1. Continuously provides indications to the flight crew of adherence to or departure from track to the required degree of accuracy at any point along that track;
2. Has been authorized by CAA for the MNPS operations concerned; and
3. When operating under minimum navigation performance specification in north Atlantic, the requirements in Attachment 16 shall be met.

ATTACHMENT 16 Operations in North Atlantic (NAT) Minimum Navigation Performance Specifications Airspace.pdf

Article 347

For flight in defined portions of airspace where a reduced vertical separation minimum (RVSM) of 1,000ft (300m) is applied between FL 290 and FL 410, the airplane:
1. Shall be provided with equipment which is capable of:
a) Indicating to the flight crew the flight level being flown;
b) Automatically maintaining a selected flight level;
c) Providing an alert to the flight crew when a deviation occurs from the selected flight level. The threshold for the alert shall not exceed ±300ft; and
d) Automatically reporting pressure altitude.
2. The operator has instituted appropriate procedures in respect of continued airworthiness (maintenance and repair) practices and programmes.
3. The operator has instituted appropriate flight crew procedures for operations in RVSM airspace.
4. Shall be authorized by the CAA for operation in the airspace concerned and in compliance with Attachment 17.
For the airplane or fleet being authorized on the conditions prescribed above, following requirements shall be complied:
1. Receiving the reports of height-keeping performance issued by the monitoring agencies; and
2. Taking immediate corrective action for individual aircraft, or aircraft type groups, identified in such reports as not complying with the height-keeping requirements for operation in airspace where RVSM is applied.
Operator authorized by the CAA for RVSM operation shall ensure that a minimum of two airplanes of each aircraft type grouping of the operator have their height-keeping performance monitored, at least once every two years or within intervals of 1 000 flight hours per airplane, whichever period is longer. If an operator aircraft type grouping consists of a single airplane, monitoring of that airplane shall be accomplished within the specified period.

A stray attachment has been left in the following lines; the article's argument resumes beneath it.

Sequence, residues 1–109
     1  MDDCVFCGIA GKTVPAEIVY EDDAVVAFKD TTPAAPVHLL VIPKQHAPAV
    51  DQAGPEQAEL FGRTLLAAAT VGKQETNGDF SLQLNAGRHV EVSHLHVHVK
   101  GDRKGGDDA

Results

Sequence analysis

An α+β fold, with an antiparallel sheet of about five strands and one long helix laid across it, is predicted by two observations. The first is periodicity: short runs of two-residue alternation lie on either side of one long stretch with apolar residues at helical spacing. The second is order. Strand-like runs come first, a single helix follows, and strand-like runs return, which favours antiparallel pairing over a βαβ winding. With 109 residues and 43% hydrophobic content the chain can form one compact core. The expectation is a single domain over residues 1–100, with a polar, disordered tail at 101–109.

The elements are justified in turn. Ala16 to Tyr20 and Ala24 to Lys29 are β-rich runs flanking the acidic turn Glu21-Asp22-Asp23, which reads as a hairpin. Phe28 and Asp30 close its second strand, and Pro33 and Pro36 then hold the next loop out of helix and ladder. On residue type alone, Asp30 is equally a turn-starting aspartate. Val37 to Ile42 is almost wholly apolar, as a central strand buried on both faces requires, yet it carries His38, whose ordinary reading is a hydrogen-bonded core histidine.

ATTACHMENT 17 Operating under Reduced Vertical Separation Minimum (RVSM).pdf

Section 8 Security

Article 348

No person may admit to the flight deck of an aircraft unless the person being admitted is a crew member, flight operations officer or specifically authorized by the operator or by CAA.

Article 349

No person with the following condition can act as a flight crew:
1. Alcohol concentration: A test result indicates 0.02% in blood or the alcohol density in breath exceeds 0.1 mg per liter.
2. Prohibited drugs: Urine sample with a positive result.
3. Personnel on board who refuses to accept above mentioned test.
CAA may conduct regular or random tests for narcotic drugs and alcohol for operations personnel aforementioned in the preceding paragraph.
Any person who fails either test prescribed in the preceding paragraph or exceed 0 mg per litre in breath but not exceed the regulated standard shall not act as crew-member.
Except for emergency situation, flight crew shall not carry persons under the influence of alcohol and drug.
CAA may delegate the tests of drugs and alcohol as prescribed in paragraph 2 to the airport operator.
When CAA delegates the aforementioned tests, the name of the designee, the commissioned items and regulations shall be promulgated on the government bulletin.

Chapter 5 Supplement Provision

Article 350

An operator shall make a seat available on the flight deck and/or cabin on aircraft for CAA inspectors while conducting official inspecting duties.

Article 351

The terminologies used in this regulation in Chinese and English equivalents are listed in Attachment 33.

ATTACHMENT 33 Chinese-English term references .pdf

Article 352

This regulation becomes affective on the date of its publication. Except Article 36 to 43-1, Article 76-1 and Article 192 effective date shall be enacted by MOTC.